If you weren't depressed enough after the meeting on Monday in New York between both sides of the NBA lockout went nowhere and was punctuated by commissioner David Stern's words slamming the players union, then today's news that the NBA is actually filing a lawsuit against the union will definitely send you over the edge.
Essentially, the NBA has adopted a "take-it-or-leave-it" approach with their offer to the players yet somehow they're alleging that the union is the party not negotiating in good faith. Which is interesting because the players seem to be the ones that have made some concessions while the owners have done little of that themselves beyond abandoning their willingness to adopt a hard salary cap and getting rid of guaranteed contracts.
Below is the full press release from the NBA:
The NBA filed two claims today against the National Basketball Players Association: an unfair labor practice charge before the National Labor Relations Board, and a lawsuit in federal district court in New York. The unfair labor practice charge asserts that the Players Association has failed to bargain in good faith by virtue of its unlawful threats to commence a sham "decertification" and an antitrust lawsuit challenging the NBA's lockout. The federal lawsuit seeks to establish, among other things, that the NBA's lockout does not violate federal antitrust laws and that if the Players Association's "decertification" were found to be lawful, all existing player contracts would become void and unenforceable.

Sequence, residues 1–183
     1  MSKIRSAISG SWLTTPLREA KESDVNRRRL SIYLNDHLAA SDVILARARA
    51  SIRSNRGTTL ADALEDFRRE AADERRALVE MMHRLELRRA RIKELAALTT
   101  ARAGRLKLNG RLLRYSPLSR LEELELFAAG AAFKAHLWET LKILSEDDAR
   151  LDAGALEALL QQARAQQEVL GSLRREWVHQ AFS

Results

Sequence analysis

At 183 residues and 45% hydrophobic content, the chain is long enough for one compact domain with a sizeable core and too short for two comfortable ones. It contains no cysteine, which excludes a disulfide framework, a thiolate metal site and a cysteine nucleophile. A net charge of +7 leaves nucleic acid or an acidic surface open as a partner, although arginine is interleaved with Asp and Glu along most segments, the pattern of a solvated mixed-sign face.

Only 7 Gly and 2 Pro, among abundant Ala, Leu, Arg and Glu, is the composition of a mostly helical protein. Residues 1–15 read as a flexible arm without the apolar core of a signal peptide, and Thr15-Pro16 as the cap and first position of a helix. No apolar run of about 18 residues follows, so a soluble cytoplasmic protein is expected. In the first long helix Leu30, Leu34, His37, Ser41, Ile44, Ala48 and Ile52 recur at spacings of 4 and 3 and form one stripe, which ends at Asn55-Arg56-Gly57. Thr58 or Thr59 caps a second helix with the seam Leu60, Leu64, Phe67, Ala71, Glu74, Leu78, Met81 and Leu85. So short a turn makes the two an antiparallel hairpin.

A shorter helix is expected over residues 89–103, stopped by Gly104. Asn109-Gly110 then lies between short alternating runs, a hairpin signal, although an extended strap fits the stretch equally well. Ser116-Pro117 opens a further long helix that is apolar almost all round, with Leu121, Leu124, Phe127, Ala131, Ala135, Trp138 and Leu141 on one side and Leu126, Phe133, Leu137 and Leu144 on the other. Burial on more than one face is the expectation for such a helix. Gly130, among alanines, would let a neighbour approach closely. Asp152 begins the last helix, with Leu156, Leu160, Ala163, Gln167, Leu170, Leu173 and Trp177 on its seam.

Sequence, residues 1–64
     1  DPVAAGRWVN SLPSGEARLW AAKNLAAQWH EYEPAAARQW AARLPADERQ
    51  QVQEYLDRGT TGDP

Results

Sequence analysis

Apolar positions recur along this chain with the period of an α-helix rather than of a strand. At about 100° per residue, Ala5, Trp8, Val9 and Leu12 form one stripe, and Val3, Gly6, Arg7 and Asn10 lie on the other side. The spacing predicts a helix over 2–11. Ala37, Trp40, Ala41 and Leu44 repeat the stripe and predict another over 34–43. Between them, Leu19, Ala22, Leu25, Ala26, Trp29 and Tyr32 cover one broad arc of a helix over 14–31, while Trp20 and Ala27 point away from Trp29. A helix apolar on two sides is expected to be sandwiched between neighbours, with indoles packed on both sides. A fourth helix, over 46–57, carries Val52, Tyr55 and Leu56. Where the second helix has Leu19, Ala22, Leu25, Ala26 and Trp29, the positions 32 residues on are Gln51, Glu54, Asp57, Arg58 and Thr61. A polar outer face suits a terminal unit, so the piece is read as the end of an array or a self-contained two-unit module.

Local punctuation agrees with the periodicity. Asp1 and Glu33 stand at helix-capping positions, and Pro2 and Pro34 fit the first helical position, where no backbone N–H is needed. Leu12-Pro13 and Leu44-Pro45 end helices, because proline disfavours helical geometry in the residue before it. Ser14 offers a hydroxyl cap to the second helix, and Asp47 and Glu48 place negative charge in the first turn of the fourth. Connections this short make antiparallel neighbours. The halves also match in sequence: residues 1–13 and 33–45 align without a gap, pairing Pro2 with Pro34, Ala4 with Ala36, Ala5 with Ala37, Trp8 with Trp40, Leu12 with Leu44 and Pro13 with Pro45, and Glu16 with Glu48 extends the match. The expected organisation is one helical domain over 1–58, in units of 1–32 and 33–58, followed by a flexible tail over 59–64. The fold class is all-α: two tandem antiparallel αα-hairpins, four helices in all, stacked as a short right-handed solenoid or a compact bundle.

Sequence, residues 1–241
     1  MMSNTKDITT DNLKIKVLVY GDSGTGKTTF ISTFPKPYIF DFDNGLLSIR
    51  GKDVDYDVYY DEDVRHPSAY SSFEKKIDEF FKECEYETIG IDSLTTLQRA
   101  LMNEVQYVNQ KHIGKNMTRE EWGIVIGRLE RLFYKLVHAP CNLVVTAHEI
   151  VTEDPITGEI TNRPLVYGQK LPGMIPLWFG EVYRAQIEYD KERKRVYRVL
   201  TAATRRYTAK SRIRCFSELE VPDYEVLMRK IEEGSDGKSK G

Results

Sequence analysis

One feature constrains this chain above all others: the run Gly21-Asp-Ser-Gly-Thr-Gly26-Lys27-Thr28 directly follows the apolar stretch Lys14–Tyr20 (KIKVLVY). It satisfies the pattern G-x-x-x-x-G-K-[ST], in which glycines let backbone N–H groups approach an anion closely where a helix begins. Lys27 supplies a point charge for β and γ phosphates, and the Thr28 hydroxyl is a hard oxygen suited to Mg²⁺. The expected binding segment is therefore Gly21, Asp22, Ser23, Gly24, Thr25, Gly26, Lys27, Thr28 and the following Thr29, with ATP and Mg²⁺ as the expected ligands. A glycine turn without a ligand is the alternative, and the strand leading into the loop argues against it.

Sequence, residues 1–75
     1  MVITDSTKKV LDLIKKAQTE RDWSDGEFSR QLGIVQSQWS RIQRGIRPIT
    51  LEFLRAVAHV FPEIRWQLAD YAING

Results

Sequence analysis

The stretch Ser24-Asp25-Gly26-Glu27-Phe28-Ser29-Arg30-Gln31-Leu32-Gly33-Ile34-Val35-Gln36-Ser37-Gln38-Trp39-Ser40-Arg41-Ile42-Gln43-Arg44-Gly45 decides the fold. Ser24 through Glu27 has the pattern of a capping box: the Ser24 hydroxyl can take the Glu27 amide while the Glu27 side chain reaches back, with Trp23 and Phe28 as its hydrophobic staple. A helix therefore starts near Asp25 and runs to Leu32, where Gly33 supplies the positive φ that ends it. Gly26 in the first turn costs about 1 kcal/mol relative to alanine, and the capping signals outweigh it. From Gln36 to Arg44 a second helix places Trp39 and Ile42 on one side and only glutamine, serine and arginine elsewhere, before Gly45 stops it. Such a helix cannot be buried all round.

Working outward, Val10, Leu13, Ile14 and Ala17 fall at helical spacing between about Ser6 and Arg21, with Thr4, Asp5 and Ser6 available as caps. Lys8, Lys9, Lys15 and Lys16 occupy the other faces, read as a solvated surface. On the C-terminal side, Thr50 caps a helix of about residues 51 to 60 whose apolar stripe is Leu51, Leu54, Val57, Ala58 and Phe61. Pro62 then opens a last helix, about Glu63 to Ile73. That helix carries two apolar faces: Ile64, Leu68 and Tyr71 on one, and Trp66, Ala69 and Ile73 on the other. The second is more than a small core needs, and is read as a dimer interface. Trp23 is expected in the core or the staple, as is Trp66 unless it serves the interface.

"These claims were filed in an effort to eliminate the use of impermissible pressure tactics by the union which are impeding the parties' ability to negotiate a new collective bargaining agreement," said NBA Deputy Commissioner and Chief Operating Officer Adam Silver. "For the parties to reach agreement on a new CBA, the union must commit to the collective bargaining process fully and in good faith."
Somehow I doubt owners like Jerry Buss, Micky Arison and Mark Cuban would be thrilled if "all existing player contracts would become void and unenforceable" although plenty of lousy teams would certainly accept that outcome. Forget last summer, imagine the chaos that would ensue if every player became a free agent!
Don't hold your breath on any of this resolving itself soon. About the only thing you, the NBA fan, can do is boycott all NBA products and refuse to give the league and its owners any of your hard earned money. After all, isn't that essentially what both sides are fighting for?